Boycott
TULIP has expressed considerable concern at the spreading support for the BDS campaign against. Unions in a number of countries have decided to support the BDS campaign, these include: Australia, Canada, Ireland, Norway, Scotland and South Africa. It is this move, which threatens to isolate Israel and is already causing damage to the Israeli economy that has motivated the formation of TULIP, as the supporters of Israel within the labour movement realise that the growing support for the BDS campaign reflects the extent of revulvsion felt by ordinary people towards the actions of the IDF. TULIP attempts to overcome this by arguing that a boycott will undermine collaboration between Israeli and Palestinian unions and impact most on the weakest sections of society.

While its possible that a BDS will undermine collaboration, the campaign is supported by Palestinian unions. Equally importantly for collaboration to be anything more than co-option of Palestinian unions, it needs to be based on support for their struggle for justice. Finally while TULIP is totally opposed to the propose BDS campaign, it has no problem with the very real sanctions and blockade that has been applied to the Palestinian people for electing Hamas into government.

Hamas an Obstacle to Peace?
TULIP has made a number of statements arguing that Hamas is an obstacle to peace as it does not support the two state solution that was agreed to as part of the Oslo Accords. Contrary to TULIP’s claims, Hamas’s leadership have repeatedly stated that are they willing to accept a pause based on the formation of two sovereign states.

This was most recently reflected on May 9, when Hamas leader Khaled Meeshal, said the formation of a Palestinian state based on the pre-1967 borders as the basis of a long-term truce. Such a state which would include East Jerusalem as its capital, Israel’s settlements dismantled, the right of return for Palestinian refugees and full sovereignty over land, air and water. These are all issues that Israeli government, whether they have been led by Labor, Likud or Kadima have repeatedly refused.

In laying the blame for the lack of progress at the feat of Hamas, TULIP’s founders label Hamas as an extremist organisation which needs to be isolated. In labelling Hamas an extremist organisation they ignore Hamas’s continued willingness to explore negotiations with both other Palestinian organisations and with the Israeli government. Israel’s most recent assault on Gaza followed a 17 month cease, during which, according to the Israeli Intelligence & Terrorism Information Centre, Hamas did not launch a single rocket or mortar shell into Israel, this was despite the Israel failing to uphold its commitment to lift the blockade on Gaza.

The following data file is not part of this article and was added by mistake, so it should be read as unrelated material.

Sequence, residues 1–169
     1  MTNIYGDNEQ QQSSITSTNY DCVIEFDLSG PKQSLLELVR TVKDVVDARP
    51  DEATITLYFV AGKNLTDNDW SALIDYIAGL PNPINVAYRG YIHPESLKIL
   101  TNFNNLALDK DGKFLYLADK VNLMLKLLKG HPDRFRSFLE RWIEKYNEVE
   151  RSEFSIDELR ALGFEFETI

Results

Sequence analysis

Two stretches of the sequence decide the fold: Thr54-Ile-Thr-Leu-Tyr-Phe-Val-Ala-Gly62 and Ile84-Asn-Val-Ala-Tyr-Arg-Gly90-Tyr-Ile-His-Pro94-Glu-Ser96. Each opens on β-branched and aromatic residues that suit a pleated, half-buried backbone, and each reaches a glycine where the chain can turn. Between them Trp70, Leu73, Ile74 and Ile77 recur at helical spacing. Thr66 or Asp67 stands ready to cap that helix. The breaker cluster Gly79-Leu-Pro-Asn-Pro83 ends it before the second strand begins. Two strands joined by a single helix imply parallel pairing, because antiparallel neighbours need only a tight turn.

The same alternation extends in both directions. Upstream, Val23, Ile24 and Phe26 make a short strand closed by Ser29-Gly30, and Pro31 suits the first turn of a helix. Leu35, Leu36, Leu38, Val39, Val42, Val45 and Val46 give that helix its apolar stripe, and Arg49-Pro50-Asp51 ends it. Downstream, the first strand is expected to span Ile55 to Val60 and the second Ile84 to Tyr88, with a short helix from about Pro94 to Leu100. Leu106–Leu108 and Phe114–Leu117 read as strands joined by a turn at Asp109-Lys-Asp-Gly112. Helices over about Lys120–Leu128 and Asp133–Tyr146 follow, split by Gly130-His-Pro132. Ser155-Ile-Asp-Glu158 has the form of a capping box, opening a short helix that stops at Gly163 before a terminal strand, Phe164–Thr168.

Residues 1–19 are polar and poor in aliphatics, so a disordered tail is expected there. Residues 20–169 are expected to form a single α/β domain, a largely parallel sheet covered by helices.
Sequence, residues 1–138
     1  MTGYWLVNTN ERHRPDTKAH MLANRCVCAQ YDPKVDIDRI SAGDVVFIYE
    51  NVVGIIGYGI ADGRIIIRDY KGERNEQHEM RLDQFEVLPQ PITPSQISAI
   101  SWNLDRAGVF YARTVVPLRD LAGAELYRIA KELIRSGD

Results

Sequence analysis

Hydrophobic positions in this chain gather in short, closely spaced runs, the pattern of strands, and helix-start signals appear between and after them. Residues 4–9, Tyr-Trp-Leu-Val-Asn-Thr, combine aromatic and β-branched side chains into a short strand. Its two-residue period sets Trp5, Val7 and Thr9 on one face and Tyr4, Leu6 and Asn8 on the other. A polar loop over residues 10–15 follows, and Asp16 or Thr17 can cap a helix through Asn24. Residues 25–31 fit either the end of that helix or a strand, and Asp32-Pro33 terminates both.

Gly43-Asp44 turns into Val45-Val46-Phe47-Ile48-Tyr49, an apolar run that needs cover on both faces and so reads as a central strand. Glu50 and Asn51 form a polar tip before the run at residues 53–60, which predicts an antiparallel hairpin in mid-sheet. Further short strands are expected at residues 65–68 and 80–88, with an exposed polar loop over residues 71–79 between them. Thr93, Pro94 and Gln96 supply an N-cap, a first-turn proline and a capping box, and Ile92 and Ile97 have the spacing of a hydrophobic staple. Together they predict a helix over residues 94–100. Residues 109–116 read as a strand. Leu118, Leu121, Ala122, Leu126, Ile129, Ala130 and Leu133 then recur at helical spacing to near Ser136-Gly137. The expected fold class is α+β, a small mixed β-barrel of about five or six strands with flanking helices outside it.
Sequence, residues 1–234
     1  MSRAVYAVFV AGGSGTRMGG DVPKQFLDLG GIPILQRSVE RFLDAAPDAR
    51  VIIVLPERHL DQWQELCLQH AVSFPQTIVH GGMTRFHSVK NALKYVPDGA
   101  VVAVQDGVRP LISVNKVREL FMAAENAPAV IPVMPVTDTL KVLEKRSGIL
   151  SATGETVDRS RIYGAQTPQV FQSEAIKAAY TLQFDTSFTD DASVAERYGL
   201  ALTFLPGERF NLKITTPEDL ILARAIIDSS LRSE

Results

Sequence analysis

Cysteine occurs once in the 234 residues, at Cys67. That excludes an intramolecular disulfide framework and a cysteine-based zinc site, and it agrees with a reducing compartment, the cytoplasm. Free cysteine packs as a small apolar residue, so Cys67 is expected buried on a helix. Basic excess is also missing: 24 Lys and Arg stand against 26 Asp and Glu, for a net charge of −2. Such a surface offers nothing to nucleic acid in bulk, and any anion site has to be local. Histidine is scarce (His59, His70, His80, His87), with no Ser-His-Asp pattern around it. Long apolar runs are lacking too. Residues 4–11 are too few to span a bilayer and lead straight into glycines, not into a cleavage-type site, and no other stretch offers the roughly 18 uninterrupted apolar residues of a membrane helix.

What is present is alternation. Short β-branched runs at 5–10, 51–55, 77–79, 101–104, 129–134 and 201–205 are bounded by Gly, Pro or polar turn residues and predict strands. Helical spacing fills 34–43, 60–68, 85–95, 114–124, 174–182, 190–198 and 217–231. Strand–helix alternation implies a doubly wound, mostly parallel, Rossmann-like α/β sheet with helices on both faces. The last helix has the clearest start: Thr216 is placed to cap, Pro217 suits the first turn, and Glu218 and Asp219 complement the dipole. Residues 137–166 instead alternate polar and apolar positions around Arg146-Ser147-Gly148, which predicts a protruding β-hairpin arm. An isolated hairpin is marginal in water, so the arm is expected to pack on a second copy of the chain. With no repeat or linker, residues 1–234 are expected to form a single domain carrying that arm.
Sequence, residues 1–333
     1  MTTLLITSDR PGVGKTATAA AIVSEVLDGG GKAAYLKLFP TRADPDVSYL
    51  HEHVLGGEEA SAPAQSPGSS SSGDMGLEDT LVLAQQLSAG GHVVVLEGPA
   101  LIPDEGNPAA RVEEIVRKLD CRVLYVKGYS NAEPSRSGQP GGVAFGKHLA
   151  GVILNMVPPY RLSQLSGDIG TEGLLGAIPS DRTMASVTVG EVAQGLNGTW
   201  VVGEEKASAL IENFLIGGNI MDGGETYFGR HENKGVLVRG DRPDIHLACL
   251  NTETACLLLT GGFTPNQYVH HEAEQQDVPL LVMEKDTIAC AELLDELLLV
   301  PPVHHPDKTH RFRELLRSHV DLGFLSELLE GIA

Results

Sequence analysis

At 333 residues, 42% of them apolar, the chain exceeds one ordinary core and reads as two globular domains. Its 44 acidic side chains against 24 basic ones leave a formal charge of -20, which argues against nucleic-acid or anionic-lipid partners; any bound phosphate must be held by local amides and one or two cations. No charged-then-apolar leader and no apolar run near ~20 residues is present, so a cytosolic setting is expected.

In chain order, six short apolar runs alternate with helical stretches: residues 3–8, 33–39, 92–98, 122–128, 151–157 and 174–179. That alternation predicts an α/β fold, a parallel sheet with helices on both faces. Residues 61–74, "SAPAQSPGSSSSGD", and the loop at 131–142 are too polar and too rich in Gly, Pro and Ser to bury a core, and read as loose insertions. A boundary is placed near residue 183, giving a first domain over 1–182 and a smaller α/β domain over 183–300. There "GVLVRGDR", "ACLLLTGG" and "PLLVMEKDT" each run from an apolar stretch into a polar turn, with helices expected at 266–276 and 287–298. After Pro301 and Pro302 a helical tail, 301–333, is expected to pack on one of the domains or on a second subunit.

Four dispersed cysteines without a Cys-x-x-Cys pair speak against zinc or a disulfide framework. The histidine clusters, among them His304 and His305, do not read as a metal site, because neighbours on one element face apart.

While TULIP is highly critical of Hamas as block to peace, it has nothing to say with regard to Avigdor Lieberman and his Yisrael Bieteinu Party, only the Engage website has articles referring to Lieberman. Lieberman is now the foreign minister and deputy Prime Minister in Benjamin Netanyahu’s Likud lead government. Lieberman is on record for making a range of racist statements against Palestinians and Arabs in general, these include:

  • In 1998, Lieberman called for the flooding of Egypt by bombing the Aswan Dam in retaliation for Egyptian support for Yasser Arafat;
  • In 2001, as Minister of National Infrastructure, Lieberman proposed that the West Bank be divided into four cantons, with no central Palestinian government and no possibility for Palestinians to travel between the cantons;
  • In 2003, the Israeli daily Haaretz reported that Lieberman called for thousands of Palestinian prisoners held by Israel to be drowned in the Dead Sea and offered to provide the buses to take them there;
  • Also in May 2004, he said that 90 percent of Israel's 1.2 million Palestinian citizens would "have to find a new Arab entity" in which to live beyond Israel's borders. "They have no place here. They can take their bundles and get lost';
  • In May 2006, Lieberman called for the killing of Arab members of Knesset who meet with members of the Hamas-led Palestinian Authority.
TULIP’s claims of support for peace covers an attempt to mobilise support for Israeli oppression and undermine international solidarity with Palestine.

The only basis for a lasting peace in the region is justice for the Palestinians. To help achieve this, internal labour movement should give active solidarity with the Palestinian people — including by supporting the BDS campaign.


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Friday, May 29, 2009

Joint French Union Statement on May 26 Protests

CFDT, CFTC, CFE-CGC, CGT, FOR, FSU, Solidaires, UNSA
25 May 2009